Fitting external audio jacks to a RGB to component transcoder

If you have an RGB to component transcoder like the CSY-2100 (useful for playing RGB retro console on a TV without SCART or RGB inputs, but happens to have component video), you may have noticed the box doesn’t have any built-in way to get audio (stereo or mono) off the SCART adapter. However, it’s not too difficult to build this on yourself if your console has no other way of outputting audio by adding a couple of RCA sockets to your transcoder. Note that in no way do I take credit for the idea – that goes to legendary modding stalwart GameSX and their equally awesome NFG forums.

The theory is simple – consider the following from Wikipedia’s entry on the SCART standard:

Pins 2 and 6 carry right and left audio respectively, and pin 4 can act as a ground. So, all you need to do is wire something off the SCART connector inside the transcoder’s box to add an output for your audio. The following should help you achieve such a feat.

Equipment needed:

  • Two insulated wires of a length suitable for mounting the connectors – I used some old stereo RCA cables I butcher for various mods, as the shielding can be used to carry the ground to the RCA sockets
  • 2x RCA sockets (red and black in this example) you can solder to with the screw-in sleeves to protect the solder points
  • Solder, soldering iron, screw driver and drill/drill bits for threading the wires


You mod your machine at your own risk. Myself nor anyone else is responsible for YOU modding YOUR RGB transcoder. If your machine doesn’t work as a result of this, don’t blame me – you do this mod at your own risk.

Step one:

Remove the screws so this:

Becomes this:

… and the part we’ll be working on is the SCART connector:

Step two:

Before we get started on the soldering, it’s time to mod the case. Since I wanted the wires to hang outside the case (there’s not enough room to mount two extra RCA sockets, though the NFG crew used a 3.5mm stereo headphone socket so that’s an option if you want to try something different), I drilled a hole on the output side of the case with enough give for two wires to hang out, and the whole is open at the top so I don’t have to thread anything through, the two wires simply sit in the groove and the top of the case will cover the top:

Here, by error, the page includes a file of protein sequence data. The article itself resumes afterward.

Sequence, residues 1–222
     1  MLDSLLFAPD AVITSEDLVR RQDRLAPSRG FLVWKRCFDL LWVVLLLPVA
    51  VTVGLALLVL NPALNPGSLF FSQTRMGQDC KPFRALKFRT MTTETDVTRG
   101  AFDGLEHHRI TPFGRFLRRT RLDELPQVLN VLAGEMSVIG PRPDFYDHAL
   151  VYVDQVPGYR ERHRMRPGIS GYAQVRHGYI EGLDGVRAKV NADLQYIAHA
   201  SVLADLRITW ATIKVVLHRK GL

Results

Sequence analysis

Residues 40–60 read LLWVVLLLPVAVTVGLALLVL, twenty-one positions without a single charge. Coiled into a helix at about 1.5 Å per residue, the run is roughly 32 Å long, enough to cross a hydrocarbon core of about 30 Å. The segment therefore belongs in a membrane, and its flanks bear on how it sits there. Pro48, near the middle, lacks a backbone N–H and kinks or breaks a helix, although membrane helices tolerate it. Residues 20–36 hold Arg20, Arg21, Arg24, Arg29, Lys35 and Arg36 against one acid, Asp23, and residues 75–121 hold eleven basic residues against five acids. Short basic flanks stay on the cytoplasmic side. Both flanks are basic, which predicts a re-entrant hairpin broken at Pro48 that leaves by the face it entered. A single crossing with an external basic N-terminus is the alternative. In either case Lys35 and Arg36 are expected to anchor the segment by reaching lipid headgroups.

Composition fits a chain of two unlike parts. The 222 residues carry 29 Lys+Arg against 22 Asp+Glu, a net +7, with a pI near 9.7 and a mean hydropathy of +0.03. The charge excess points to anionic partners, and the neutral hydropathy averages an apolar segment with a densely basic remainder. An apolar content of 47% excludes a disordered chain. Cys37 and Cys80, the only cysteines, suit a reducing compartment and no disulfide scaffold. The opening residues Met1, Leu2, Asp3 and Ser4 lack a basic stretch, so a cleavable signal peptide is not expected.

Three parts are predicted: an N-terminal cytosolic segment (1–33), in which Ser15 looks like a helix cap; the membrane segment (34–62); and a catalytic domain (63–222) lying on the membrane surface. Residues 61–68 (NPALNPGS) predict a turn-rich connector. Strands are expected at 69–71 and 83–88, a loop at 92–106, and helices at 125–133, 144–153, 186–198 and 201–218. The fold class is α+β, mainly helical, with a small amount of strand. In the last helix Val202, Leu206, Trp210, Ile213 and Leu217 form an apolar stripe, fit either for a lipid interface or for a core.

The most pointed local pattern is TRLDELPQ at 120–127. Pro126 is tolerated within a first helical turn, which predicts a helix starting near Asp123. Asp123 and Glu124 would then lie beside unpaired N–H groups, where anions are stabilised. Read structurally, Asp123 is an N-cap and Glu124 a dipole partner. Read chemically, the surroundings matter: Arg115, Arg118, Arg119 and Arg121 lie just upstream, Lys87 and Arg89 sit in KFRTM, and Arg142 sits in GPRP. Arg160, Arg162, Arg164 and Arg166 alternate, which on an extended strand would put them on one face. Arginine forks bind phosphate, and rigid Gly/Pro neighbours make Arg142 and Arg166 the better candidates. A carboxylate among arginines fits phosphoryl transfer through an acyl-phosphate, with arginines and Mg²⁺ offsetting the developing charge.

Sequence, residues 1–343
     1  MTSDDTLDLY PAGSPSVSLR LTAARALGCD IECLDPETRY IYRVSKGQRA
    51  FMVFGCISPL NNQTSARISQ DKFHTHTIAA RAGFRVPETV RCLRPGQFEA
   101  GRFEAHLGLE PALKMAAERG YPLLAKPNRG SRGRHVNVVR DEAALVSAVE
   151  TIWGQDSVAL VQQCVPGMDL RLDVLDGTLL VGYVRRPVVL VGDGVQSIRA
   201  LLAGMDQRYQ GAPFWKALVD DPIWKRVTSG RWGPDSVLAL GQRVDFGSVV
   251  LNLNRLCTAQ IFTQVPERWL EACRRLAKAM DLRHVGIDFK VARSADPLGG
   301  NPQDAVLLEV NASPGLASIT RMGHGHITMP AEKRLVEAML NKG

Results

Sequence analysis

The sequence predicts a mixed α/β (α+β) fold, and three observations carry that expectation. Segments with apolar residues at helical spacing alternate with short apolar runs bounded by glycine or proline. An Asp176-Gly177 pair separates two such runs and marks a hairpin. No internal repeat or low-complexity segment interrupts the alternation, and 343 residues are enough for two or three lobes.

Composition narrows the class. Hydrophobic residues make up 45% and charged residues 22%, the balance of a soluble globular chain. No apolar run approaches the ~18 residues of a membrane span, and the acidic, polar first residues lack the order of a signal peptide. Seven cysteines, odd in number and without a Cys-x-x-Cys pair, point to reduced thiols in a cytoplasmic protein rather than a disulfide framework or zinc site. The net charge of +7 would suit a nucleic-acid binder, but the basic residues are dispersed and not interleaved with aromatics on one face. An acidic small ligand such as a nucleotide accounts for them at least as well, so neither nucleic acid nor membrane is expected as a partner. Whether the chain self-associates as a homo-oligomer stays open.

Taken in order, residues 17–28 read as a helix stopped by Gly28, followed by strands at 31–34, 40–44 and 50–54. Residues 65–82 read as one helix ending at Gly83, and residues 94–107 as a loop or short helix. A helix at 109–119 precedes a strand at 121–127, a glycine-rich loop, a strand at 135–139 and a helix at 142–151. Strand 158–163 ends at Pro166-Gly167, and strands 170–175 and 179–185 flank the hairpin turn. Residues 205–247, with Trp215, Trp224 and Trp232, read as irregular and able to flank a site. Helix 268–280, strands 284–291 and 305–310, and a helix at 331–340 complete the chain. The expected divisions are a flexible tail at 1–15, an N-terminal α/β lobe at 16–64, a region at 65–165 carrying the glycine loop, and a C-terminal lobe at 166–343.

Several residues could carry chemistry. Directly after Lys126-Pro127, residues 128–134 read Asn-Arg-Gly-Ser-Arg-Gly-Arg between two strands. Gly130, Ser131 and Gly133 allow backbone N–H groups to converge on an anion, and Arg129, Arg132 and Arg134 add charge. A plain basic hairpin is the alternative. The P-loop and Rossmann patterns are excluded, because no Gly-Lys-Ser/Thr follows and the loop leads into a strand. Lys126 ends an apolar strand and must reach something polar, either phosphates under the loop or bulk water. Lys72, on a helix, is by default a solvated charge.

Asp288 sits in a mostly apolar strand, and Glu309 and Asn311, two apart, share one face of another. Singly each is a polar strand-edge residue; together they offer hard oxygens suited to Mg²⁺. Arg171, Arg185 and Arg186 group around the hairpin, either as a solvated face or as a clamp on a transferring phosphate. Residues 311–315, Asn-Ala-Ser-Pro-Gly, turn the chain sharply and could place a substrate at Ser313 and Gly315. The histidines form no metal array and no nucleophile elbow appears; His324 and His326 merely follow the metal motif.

Step three:

Next up I cut the wires to length, stripped the ends, gathered the shielding and separated it from the signal and tinned all the tips. To make it easier at the SCART connector, I combined the shielding from both wires and tinned them together. This will make it easier to make one connection to pin 4 on the connector.

At the other end, slide the sleeves down the wires and wire up the RCA connectors. The inner portion of the shielded cable (in my case, one had red insulation, the other white) goes to the middle solder connection on the RCA socket, and the shielding goes to the outside connection. Solder everything up, test with a multimeter to ensure everything’s clean (optional, but recommended), then slide up and screw on the protective plastic sleeve.

Finally, tie a knot in the middle-ish of the cable – the idea is that the knot will hit the side of the casing before the wires tug on the soldered connections on the SCART socket if pulled, so experiment to find the best spot to tie the knot. An alternative method would be to use a cable-tie instead of a knot.

Step four:

Time to solder the sucker! Using the SCART diagram, locate pins 2, 4 and 6. In my case, they were on the top row and took the first three pins from the left with the connector pins facing me. Solder Right (red) to pin 2, shielding/ground to pin 4 and Left (white or black) to pin 6. Ensure your connections are strong and clean, we don’t want any dry solder joints! Again, a multimeter makes these kind of checks simple, so I recommend you use one to test everything.

Step five:

Finally, place your wire in the area you’re ground/drilled out of the case (if your hole isn’t open on top like mine, make sure you put the wires through the hole first before soldering in the previous step), plonk on the top of the case and re-assemble everything.

And there you go – external audio-out connections to ensure you can still get sound coming from the transcoder’s box 🙂